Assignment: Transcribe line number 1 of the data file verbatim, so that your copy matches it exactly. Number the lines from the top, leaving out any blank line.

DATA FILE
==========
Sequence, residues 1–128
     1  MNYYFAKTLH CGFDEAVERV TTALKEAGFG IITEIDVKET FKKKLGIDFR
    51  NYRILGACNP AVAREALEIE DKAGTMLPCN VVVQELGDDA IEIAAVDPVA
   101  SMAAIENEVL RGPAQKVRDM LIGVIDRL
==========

Sequence, residues 1–128